Their pleading persuades Creon to spare Ismene. She decides to break the royal law and honor divinely sanctioned rights of all Thebans to below ground burials and Theban style funeral rites.
In the case of Greek women, the freedom is limited and there are set rules and regulations for them to behave in the society. How would you compare and contrast the characters of Antigone and Creon? Creon has a mindset that even if he was wrong, he cannot be defeated by a woman, so anyhow he has to defeat woman.
The difference entitles men to rule, and women to obey. Tiresias warns Creon that Polyneices should now be urgently buried because the gods are displeased, refusing to accept any sacrifices or prayers from Thebes.
When talking to Haemon, Creon demands of him not only obedience as a citizen, but also as a son. His argument says that had Antigone not been so obsessed with the idea of keeping her brother covered, none of the deaths of the play would have happened. Because of this reason, the two sisters now become rivals in terms of beliefs and supports to the laws.
She argues unflinchingly with Creon about the immorality of the edict and the morality of her actions.
Creon is telling his people that Polyneices has distanced himself from them, and that they are prohibited from treating him as a fellow-citizen and burying him as is the custom for citizens. The safest course to take is the harmony of manmade and god-given laws. Hades is the god who is most commonly referred to, but he is referred to more as a personification of Death.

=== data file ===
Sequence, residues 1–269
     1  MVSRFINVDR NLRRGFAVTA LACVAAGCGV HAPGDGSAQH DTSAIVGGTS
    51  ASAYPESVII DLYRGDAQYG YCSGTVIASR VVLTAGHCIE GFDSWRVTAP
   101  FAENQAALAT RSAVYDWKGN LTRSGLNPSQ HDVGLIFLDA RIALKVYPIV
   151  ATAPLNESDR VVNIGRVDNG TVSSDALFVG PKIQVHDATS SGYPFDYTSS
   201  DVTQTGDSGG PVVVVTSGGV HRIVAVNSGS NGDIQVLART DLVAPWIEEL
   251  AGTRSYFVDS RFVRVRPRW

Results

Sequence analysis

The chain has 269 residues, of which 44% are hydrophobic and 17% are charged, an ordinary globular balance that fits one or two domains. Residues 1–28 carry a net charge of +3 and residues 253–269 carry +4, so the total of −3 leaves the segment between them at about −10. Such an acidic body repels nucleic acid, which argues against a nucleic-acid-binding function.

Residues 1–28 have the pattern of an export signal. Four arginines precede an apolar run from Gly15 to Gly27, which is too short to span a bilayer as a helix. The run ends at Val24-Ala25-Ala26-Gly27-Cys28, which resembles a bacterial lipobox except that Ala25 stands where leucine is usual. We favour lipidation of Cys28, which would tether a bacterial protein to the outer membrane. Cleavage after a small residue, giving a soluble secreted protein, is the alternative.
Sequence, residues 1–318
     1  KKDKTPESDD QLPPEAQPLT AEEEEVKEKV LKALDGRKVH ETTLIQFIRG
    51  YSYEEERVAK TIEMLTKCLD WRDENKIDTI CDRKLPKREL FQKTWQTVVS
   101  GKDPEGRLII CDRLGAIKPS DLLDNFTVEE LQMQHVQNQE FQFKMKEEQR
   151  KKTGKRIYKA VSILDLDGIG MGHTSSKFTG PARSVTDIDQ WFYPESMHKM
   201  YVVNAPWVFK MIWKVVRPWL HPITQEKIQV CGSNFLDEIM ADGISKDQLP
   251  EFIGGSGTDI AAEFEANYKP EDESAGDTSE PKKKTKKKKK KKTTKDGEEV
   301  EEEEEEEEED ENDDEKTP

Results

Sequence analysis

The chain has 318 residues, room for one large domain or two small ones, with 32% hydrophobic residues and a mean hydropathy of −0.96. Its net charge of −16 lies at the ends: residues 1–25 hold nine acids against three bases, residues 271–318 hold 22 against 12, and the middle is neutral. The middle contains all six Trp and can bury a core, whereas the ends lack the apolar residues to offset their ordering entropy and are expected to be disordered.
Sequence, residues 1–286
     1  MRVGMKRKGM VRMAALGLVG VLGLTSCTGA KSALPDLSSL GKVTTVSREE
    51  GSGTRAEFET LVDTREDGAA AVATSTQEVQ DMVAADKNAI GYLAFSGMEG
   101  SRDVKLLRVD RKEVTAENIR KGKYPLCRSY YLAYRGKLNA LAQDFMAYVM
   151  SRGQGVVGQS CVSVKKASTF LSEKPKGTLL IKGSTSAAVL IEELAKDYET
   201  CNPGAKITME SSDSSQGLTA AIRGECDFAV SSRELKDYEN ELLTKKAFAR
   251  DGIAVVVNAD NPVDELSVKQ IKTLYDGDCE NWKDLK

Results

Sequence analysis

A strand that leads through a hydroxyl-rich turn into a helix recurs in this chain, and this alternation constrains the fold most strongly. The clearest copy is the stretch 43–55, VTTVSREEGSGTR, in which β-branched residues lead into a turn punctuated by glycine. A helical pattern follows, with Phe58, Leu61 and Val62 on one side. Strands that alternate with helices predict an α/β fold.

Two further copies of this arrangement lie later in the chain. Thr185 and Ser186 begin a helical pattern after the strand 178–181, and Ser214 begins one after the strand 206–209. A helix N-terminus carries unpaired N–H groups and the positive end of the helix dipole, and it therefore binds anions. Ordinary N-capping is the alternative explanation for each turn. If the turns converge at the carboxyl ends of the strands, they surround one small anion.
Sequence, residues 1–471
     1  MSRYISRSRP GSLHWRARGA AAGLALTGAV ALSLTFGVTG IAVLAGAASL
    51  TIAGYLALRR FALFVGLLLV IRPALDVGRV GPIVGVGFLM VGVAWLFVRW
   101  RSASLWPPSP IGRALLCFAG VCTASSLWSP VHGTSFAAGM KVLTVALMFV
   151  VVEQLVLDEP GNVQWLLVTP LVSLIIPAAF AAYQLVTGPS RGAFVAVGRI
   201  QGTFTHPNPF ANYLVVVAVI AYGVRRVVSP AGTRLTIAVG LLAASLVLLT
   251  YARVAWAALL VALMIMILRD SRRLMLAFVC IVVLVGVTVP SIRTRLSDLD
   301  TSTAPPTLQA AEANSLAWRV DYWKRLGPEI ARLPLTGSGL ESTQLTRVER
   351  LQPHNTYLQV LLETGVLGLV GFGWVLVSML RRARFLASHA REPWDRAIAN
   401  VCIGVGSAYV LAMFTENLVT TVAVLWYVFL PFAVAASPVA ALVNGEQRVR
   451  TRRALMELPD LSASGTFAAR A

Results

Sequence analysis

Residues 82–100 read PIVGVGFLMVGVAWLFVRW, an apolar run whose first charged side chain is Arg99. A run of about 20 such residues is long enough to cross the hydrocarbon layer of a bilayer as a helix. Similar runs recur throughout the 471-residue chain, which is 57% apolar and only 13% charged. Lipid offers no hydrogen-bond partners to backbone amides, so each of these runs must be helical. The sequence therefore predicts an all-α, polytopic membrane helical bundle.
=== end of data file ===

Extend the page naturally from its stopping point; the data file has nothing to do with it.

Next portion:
Natural law and contemporary legal institutions[ edit ] In Antigone, Sophocles asks the question, which law is greater: Does one choose the standard of the gods or that of mortals?
Additionally, Antigone considers the hatreds of a lifetime as ending with death. Since he is a citizen of Thebes, it would have been natural for the Thebans to bury him. She repeatedly declares that she must act to please "those that are dead" An. Cadmus was the original founder of Thebes, around B.There is no question that pride, in the context of Antigone (and most of Sophocles' works), is a trait despised by the gods and punished without mercy.
In Antigone, Sophocles describes the type of pride that allows men to create laws. A summary of Themes in Jean Anouilh's Antigone. Learn exactly what happened in this chapter, scene, or section of Antigone and what it means.
Perfect for acing essays, tests, and quizzes, as well as for writing lesson plans. Themes in Sophocles' Antigone Antigone by Sophocles deals with the varieties of themes, giving the drama a possibility of diverse interpretations.
The major themes found in this drama are, rivalry between sisters, pride, the position of woman as a gender, individual versus state, conscience versus law, divine law versus human law which are described. In Antigone's case, the situation is burying her brother's body, but this act of justice paves the way for more conflict.
The king, Creon, decreed. Antigone is a tragedy by Sophocles written in or before BC. Of the three Theban plays Antigone is the third in order of the events depicted in the plays, but it is the first that was written.
The play expands on the Theban legend that predates it, and it picks up where Aeschylus' Seven Against Thebes ends. Unforgiving laws and swift punishment are what Creon believes justice to be in "Antigone" by Sophocles ( B.C.E.
- B.C.E.). Specifically, Theban King Creon assumes ro yal responsibilities as the closest, most eligible, sole surviving member of .Download